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Water fuel cell
The water fuel cell, named by American Stanley Meyer, is a device designed to convert water into its component elements, hydrogen and oxygen, using less energy than can be obtained by the subsequent combustion of those elements. The device is therefore a perpetual motion machine, and its effectiveness ruled out by the first law of thermodynamics. Meyer's claims about the Water Fuel Cell and the car that it powered were found to be fraudulent by an Ohio court in 1996.
Similar devices have been promoted by others (see Water-fuelled car): there is no evidence that any of these devices operate as claimed.
Additional recommended knowledge
The fuel cell consists of stainless steel plates arranged as a capacitor, with pure water acting as the dielectric. A rising staircase of direct current pulses is sent through the plates at roughly 42 kHz, which is claimed to play a role in the water molecules breaking apart with less directly applied energy than is required by standard electrolysis.
Its name not withstanding, the water fuel cell is not a true fuel cell. It would be an electrolytic cell, as it is claimed to produce hydrogen from water and not the opposite.
Meyer's water-fueled car
It Runs on Water is a video with Stanley Meyer demonstrating the water fuel cell in a car. Meyer claimed that he could run a 1.6 liter Volkswagen dune buggy on water instead of gasoline. He replaced the spark plugs with "injectors" to spray a fine mist into the engine cylinders, which he claimed were electrified at a resonant frequency. The fuel cell would split water into hydrogen and oxygen gas, which would be combusted back into water vapor in a conventional internal combustion engine to produce net energy. Meyer demonstrated his vehicle for his city's local station Action 6 News and estimated that only 83 liters (22 US gallons) of water was required to travel from Los Angeles to New York.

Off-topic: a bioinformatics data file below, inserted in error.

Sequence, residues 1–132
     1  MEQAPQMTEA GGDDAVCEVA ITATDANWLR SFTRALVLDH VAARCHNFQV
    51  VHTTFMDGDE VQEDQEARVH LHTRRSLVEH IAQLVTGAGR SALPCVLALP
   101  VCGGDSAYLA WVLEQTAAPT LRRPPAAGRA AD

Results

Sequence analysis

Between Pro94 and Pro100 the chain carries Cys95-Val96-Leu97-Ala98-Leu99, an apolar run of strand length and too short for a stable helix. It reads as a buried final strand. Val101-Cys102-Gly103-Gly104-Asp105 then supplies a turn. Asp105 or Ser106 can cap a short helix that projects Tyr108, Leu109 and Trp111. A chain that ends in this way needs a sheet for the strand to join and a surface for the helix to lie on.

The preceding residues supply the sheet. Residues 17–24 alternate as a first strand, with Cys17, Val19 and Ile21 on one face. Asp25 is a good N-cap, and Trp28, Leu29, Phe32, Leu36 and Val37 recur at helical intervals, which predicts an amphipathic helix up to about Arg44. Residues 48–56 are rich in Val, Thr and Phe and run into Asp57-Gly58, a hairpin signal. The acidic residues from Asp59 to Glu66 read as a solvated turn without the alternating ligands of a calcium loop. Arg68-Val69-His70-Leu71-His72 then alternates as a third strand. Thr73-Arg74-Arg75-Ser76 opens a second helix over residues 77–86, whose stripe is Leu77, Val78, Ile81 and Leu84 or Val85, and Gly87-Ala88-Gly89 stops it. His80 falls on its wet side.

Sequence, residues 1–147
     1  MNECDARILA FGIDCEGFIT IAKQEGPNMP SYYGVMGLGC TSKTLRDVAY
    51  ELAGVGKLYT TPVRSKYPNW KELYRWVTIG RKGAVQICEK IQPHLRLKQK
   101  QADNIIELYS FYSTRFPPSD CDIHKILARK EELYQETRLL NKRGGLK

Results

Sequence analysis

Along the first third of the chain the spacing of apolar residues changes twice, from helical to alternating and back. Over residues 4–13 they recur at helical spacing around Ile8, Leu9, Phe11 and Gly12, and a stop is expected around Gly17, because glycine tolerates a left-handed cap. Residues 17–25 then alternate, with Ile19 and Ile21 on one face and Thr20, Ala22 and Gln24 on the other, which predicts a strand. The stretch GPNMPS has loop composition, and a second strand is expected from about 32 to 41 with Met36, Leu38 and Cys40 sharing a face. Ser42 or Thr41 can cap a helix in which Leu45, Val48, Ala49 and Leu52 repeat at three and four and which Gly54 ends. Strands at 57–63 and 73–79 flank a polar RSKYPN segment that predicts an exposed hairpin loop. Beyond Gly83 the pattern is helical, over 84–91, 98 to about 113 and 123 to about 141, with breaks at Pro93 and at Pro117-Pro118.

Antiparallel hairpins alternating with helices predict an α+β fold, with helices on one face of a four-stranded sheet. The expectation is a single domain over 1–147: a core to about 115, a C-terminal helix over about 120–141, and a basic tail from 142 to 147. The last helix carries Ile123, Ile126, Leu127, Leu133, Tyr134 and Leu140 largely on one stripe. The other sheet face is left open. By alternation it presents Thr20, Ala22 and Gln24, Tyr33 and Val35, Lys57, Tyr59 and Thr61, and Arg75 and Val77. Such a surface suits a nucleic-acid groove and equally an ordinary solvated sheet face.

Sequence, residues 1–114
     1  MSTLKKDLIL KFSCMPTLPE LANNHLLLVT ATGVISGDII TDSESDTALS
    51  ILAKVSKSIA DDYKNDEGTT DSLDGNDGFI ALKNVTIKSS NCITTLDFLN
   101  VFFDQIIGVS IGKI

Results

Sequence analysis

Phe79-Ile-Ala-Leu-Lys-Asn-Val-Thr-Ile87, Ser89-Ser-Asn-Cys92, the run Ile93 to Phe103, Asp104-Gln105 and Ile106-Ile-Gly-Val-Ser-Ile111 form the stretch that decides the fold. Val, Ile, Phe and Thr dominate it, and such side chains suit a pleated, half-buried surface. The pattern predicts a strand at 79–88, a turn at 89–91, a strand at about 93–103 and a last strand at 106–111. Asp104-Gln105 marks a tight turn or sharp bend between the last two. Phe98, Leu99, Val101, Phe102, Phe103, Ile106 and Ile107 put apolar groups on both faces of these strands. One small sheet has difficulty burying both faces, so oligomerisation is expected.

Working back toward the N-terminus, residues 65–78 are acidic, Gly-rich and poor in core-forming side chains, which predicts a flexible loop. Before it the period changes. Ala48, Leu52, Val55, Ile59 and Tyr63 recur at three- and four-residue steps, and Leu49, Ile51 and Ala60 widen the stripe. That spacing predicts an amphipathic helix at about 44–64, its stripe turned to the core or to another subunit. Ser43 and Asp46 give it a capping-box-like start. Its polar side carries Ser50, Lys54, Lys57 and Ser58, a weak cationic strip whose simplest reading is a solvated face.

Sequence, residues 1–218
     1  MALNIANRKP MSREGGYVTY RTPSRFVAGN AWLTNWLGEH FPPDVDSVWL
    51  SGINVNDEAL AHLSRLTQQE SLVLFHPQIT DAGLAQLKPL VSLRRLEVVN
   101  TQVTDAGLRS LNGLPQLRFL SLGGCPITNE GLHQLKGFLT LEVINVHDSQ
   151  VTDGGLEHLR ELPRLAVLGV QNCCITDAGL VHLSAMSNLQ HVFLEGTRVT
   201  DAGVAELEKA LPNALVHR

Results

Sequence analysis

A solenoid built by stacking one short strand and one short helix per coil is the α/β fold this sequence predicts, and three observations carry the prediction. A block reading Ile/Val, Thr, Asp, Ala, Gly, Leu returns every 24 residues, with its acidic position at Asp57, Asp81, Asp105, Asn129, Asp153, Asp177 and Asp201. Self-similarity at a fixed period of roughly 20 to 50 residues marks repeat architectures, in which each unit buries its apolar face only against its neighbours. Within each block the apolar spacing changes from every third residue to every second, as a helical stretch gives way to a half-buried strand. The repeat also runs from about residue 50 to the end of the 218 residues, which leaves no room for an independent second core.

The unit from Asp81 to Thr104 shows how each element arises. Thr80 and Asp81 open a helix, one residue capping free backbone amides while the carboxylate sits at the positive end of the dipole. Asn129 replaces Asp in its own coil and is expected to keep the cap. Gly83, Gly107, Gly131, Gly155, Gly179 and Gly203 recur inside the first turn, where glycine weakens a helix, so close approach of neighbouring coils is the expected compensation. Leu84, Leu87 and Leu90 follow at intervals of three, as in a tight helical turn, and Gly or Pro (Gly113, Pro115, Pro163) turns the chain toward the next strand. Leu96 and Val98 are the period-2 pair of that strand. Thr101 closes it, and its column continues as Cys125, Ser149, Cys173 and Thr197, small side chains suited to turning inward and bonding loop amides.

In 1996, inventor Stanley Meyer was sued by investors to whom he had sold dealerships, offering the right to do business in Water Fuel Cell technology. According to The Times, Meyer claimed in court that his invention "opened the way for a car which would 'run on water', powered simply by a car battery." The car would even run perpetually without fuel since the energy needed to continue the "fracturing" was low enough for the engine's dynamo to recharge the car's battery. His car was due to be examined by the expert witness Michael Laughton, Professor of Electrical Engineering at Queen Mary, University of London and Fellow of the Royal Academy of Engineering. However, Meyer made what Professor Laughton considered a "lame excuse" on the days of examination and did not allow the test to proceed. The Water Fuel Cell, on the other hand, was examined by three expert witnesses in court who found that there "was nothing revolutionary about the cell at all and that it was simply using conventional electrolysis".
On the basis of the evidence the court found Meyer guilty of "gross and egregious fraud" and ordered to repay the investors their $25,000.
Stanley Meyer died at the age of 57 after eating at a restaurant on 21 March 1998. An autopsy report by Franklin County coroner William R. Adrion showed the cause of death to be a cerebral aneurysm. Conspiracy theories persist, however, that he was poisoned, and that oil companies and the United States government were involved in his death.
|This article is licensed under the GNU Free Documentation License. It uses material from the Wikipedia article "Water_fuel_cell". A list of authors is available in Wikipedia.|